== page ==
Most magic books jump right into technique and tricks, an understandable approach as the majority of starting magicians seek to understand the secrets first. All spectators want to know what happened that caused their astonishment, those more interested in knowing the method are the eager entering the magic world that take the next step to actually purchase a magic book.
Get a few tricks under your belt, perform them with moderate skill, and overtime magic theory becomes an interest. The what and how have been consumed, processed in the minds of the beginner magician, and after a period of time the why questions start to come into fruition…I have a hard time with this approach.
Think about when learning to drive a vehicle for the first time, what does everyone remember…safety first. They don’t teach you how to turn on your windshield wipers, how to parallel park, how to make a left turn. Rather, they teach you about safety, and why safety is important. Lessons around what the signs mean, why they are important, what you need to remember before starting a car, etc. Could the safety lessons equate to magic theory? Perhaps not the best analogy, I figured save myself hours of trying to identify the most applicable analogy, and risk complete paralyzation of publishing this post :).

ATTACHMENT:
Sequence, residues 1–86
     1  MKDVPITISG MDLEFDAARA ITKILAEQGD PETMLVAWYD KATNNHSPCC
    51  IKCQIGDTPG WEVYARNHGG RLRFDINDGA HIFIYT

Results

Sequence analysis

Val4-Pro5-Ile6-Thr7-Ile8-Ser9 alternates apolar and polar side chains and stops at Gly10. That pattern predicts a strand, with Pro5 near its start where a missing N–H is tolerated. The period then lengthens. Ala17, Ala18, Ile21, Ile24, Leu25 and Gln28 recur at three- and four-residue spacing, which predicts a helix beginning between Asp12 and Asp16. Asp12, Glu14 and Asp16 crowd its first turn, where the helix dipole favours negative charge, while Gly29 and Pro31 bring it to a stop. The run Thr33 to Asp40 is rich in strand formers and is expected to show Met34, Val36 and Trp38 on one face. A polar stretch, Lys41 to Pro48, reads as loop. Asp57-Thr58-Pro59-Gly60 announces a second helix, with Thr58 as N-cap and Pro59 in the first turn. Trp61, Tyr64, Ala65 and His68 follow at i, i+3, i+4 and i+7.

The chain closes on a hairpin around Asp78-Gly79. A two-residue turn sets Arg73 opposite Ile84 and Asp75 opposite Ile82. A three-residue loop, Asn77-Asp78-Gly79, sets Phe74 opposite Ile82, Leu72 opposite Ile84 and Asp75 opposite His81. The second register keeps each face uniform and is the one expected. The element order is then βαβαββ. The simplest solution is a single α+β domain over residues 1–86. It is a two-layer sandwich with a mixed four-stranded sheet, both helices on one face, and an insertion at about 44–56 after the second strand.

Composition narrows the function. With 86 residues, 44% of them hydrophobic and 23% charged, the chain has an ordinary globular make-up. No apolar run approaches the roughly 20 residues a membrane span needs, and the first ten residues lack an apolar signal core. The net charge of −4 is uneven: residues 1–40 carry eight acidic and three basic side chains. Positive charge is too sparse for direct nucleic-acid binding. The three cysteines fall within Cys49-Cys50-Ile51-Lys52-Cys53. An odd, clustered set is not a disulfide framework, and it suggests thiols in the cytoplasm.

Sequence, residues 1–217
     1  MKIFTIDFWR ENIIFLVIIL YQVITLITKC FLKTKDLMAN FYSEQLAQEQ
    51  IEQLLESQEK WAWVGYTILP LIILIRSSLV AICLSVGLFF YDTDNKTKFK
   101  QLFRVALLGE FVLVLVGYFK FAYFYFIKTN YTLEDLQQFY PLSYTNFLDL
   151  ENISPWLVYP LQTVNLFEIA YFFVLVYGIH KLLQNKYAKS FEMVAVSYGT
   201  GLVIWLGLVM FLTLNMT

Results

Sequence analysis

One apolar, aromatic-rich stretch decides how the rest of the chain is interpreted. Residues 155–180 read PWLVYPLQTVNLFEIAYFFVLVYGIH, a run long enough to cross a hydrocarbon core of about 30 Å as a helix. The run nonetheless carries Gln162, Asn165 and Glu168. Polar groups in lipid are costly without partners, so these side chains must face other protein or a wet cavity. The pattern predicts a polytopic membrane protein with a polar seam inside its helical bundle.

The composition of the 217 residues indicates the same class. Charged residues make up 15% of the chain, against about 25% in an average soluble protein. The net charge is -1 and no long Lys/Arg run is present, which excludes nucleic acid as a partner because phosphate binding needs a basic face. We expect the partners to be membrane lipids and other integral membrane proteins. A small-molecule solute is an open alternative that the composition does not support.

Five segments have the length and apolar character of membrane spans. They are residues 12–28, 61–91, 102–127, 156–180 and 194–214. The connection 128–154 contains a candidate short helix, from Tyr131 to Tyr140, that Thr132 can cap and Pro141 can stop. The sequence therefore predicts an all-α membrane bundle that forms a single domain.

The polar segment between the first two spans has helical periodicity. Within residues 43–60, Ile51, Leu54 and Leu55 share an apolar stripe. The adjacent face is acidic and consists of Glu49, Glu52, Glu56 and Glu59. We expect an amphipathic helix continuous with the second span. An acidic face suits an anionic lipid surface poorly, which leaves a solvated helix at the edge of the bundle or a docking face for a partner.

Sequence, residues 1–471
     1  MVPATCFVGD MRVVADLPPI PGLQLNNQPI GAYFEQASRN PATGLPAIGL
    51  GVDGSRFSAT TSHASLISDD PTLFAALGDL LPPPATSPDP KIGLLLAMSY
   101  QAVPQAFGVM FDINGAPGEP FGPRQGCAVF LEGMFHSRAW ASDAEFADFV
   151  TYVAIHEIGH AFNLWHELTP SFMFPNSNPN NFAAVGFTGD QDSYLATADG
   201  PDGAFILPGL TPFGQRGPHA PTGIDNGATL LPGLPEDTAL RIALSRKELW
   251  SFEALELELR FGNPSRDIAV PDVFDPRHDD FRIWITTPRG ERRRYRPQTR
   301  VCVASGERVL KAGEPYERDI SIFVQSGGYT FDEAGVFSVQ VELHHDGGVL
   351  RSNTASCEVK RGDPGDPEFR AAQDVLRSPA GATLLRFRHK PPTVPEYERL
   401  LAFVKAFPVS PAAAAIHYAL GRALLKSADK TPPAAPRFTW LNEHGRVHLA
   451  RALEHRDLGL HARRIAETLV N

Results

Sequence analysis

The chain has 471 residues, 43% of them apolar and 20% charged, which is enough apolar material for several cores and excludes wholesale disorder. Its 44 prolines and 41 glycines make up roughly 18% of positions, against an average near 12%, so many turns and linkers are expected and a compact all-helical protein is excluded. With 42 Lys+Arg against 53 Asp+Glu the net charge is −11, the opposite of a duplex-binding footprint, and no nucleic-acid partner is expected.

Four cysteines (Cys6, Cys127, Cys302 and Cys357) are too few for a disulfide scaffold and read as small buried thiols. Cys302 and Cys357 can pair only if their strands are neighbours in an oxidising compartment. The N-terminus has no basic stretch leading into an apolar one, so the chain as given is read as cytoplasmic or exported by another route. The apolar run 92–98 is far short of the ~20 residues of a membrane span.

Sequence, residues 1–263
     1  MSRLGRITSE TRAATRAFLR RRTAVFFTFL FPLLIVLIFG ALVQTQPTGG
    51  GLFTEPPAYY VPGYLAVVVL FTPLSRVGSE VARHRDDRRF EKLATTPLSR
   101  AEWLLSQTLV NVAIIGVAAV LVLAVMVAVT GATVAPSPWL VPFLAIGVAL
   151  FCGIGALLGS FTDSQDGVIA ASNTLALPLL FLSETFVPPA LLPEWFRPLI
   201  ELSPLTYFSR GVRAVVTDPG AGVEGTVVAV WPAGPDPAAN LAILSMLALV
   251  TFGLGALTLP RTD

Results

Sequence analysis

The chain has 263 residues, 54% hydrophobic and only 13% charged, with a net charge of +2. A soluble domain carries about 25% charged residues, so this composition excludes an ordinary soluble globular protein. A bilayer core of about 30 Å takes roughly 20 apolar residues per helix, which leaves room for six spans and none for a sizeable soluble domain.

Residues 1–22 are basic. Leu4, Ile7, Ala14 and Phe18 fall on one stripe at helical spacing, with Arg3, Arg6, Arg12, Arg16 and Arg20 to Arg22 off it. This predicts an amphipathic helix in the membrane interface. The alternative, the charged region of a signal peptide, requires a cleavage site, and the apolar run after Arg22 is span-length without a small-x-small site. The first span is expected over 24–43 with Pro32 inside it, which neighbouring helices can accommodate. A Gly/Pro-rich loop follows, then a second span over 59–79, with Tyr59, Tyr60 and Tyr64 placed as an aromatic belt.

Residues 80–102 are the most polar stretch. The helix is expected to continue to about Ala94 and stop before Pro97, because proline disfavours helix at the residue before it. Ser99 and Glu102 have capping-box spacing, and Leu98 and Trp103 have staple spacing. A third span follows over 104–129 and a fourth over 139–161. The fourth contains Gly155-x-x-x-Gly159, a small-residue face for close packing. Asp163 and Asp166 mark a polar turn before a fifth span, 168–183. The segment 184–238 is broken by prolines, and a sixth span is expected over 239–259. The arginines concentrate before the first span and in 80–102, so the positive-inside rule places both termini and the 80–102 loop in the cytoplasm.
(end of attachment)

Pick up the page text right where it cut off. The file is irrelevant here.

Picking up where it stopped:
I argue that the why could be more important than the what and how when starting out in magic. Beginners are immediately suckers for the good and the bad, as they struggle to differentiate between the quality vs the crap. The Ascanio trilogy puts a reader through the journey of understanding his theories, ideas, and principles first. His first book in fact is all theory, no tricks. His subsequent two books are packed with incredible magic. I lean in the direction of Ascanio’s approach…I imagine most would irregardless of the argument currently being made because he’s one of the great magical minds.
I follow the path of understanding the why first so I can better optimize my process of sifting through the what and how. I’m upgrading my shit-radar before it has a chance to become infected with weak art.
For me, Strong Magic – Ortiz.
A recap from my last post…Waving the Aces by Hollingworth and now Ortiz. This will keep my busy for quite a while, Strong Magic is packed with insights.